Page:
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Getting Past Pre-Existing Medical Conditions


March 29, 2011 - SAN JOSE, CA

While reports indicate that an estimated 25 million Americans can't get health insurance because of pre-existing health conditions, a combination of new laws and old programs could help a significant percentage of this population, according to the Foundation for Health Coverage Education (FHCE).

"It's a shame that while many Americans go without insurance, we know from the calls our counselors take monthly, that very few people are aware of at least three important coverage options that may be available to them," said Phil Lebherz, founder and executive director of the FHCE.

The non-profit organization helps more than 100,000 monthly visitors to their website www.CoverageForAll.org, and callers to their 24/7 Help Line identify public program eligibility options. The increasing number of queries to the organization has indicated a common thread of inquirers trying to learn more about what the government offers and what they are eligible for if they have pre-existing conditions. As a result, FHCE has identified the following three most commonly under-utilized health coverage options:

1. New federal high risk pools under-utilized
All 50 states are now operating PPACA-required federal high risk pools, commonly known as the Pre-Existing Condition Insurance Plans (PCIP). "The biggest puzzlement is the people's response to the Pre-Existing Condition Insurance Plan (PCIP), a tenet of health care reform which started last fall. Only 12,000 people have signed up for this to date, yet it's available in every state," said Lebherz. "Of course, the government has had to put in place adverse selection policies similar to private insurers, including premiums higher than traditional insurance and a six-month waiting period. Still these programs, once non-existent in 12 states, do give people a place to go where they won't get turned down."

2. Small business coverage (requiring only 1 or 2 employees) is overlooked by entrepreneurs
The avenue least explored, but more useful than ever before, according to the FHCE, is the option for entrepreneurs to qualify themselves for small business coverage. The FHCE's counselors often encourage laid-off individuals, who are consulting or who have started a small enterprise, to apply for health coverage as a small business. In all 50 states, businesses with two or more employees can seek group health coverage, taking advantage of protections offered only to employers. In 14 states, group coverage is available for businesses of one or more. Moreover, new tax credits of up to 35% of premiums are available to small businesses with 25 employees or less for tax years 2010-2013, as long as the employer contributes at least 50% of the premium.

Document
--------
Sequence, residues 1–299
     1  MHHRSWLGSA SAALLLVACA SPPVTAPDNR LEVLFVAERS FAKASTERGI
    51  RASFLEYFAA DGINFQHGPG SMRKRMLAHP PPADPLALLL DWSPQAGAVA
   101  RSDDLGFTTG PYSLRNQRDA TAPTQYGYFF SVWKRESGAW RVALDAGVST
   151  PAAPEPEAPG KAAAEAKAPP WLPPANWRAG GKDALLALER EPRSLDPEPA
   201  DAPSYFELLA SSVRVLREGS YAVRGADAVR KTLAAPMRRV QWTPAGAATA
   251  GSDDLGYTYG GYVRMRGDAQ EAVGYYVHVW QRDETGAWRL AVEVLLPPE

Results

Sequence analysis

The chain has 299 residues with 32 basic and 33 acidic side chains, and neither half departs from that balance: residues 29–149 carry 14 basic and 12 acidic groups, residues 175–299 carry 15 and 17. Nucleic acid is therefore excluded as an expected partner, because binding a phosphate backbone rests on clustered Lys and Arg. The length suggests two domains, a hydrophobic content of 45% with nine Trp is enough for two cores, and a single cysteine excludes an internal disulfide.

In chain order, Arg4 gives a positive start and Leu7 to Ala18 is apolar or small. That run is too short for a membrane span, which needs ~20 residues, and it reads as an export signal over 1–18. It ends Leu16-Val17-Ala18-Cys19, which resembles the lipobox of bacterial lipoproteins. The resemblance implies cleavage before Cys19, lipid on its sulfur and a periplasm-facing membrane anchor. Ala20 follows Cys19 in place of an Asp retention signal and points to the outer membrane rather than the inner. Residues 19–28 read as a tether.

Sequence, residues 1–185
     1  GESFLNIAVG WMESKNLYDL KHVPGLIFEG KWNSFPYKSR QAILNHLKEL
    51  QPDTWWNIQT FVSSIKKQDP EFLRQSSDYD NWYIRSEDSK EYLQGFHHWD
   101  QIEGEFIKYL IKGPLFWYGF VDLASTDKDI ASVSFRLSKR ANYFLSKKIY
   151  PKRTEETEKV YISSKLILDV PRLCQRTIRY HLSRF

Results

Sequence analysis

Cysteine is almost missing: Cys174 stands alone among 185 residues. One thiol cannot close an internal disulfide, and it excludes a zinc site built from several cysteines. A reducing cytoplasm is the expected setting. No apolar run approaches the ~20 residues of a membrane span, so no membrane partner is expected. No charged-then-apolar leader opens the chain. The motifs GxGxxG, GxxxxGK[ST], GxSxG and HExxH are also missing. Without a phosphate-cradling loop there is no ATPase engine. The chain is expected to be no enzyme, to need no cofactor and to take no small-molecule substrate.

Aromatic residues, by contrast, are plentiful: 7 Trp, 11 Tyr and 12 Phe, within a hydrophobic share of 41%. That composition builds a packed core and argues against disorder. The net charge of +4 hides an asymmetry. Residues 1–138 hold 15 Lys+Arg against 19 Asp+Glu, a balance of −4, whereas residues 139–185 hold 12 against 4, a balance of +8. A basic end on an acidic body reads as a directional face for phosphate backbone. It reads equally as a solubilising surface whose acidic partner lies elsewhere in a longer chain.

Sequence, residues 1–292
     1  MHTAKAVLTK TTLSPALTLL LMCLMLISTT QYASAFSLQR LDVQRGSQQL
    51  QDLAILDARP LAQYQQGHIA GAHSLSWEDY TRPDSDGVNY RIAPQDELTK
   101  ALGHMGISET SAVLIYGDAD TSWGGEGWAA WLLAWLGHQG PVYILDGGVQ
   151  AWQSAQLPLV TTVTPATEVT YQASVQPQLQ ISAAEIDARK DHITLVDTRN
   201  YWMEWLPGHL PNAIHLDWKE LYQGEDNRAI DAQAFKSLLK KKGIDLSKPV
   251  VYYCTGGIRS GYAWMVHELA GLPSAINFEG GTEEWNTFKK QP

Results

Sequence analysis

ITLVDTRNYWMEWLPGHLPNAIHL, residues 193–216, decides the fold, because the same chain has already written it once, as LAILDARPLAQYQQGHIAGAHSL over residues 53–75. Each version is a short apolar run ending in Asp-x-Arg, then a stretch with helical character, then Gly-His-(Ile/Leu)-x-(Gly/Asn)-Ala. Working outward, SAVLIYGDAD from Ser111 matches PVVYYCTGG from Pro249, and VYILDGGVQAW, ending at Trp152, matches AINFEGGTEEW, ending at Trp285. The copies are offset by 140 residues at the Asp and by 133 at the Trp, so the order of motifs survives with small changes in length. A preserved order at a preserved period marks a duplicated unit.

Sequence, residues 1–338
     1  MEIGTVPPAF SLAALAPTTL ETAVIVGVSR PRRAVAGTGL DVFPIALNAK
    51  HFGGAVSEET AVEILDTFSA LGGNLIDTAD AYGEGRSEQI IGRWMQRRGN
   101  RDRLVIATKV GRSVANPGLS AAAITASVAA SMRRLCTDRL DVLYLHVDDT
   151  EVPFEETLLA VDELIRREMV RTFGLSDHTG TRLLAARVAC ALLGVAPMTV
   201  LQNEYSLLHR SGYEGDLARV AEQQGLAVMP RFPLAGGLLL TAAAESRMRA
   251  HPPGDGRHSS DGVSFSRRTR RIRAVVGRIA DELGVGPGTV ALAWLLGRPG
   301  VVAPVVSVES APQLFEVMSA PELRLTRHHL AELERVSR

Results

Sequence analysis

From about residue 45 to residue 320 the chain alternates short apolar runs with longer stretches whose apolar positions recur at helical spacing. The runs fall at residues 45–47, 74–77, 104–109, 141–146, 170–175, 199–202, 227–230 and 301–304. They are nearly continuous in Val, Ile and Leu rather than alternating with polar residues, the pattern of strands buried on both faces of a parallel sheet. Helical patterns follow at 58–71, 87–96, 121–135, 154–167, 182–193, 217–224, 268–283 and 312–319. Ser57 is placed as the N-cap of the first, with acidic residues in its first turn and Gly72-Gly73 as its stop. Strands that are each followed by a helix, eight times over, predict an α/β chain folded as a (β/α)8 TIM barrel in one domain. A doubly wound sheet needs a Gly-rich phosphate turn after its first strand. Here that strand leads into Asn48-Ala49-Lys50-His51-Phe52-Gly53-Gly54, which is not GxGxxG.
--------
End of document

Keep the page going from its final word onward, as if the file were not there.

3. Only 1 in 3 eligible Americans take advantage of government gap coverage options
Finally, becoming uninsured usually follows job-loss, and a drop in family income. "But often overlooked is the fact that this new income level may make the family eligible for low-cost or no-cost public coverage options," suggests Lebherz. Medicaid is available in all 50 states for low-income families, and in 2014, the PPACA will lower the income eligibility guidelines to include all adults with or without dependents who make 133% of the FPL. For now, income eligibility requirements vary from state to state, so it is vital that families research what their state has to offer. Determining eligibility for Medicaid, CHIP, and other public programs can easily be accomplished by visiting FHCE's website and taking its 5-question Health Coverage Eligibility Quiz. Within minutes, families can determine if they should enroll in Medicaid and are given instructions on how to successfully do so. It is also important to note that most state Children's Health Insurance Programs (CHIP) have higher income requirements than one would normally expect. For example, children in families with incomes as high as 400% FPL or $89,400 can still qualify for the New Hampshire CHIP, Healthy Kids, and the New York CHIP, Child Health Plus. Most other states range between 0-350% FPL to be eligible.

"These are three options that can assist individuals with pre-existing conditions. All public programs cover pre-existing conditions. It's often a matter of meeting all eligibility requirements which makes it difficult and often overwhelming for the average American to enroll," says Lebherz. FHCE's goal is to simplify this eligibility screening process by placing the entire U.S. health coverage system on its website, www.CoverageForAll.org, and through its U.S. Uninsured Help Line, 800-234-1317.

The Foundation for Health Coverage Education (FHCE) is a 501 (c) 3 non-profit organization with a mission to help simplify public and private health insurance eligibility information in order for more people to access coverage.

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Editorial Contacts:
Foundation for Health
Coverage Education
Marilyn Haese/Bobbi Rubinstein
(310) 556-9612
mhaese@haesewood.com


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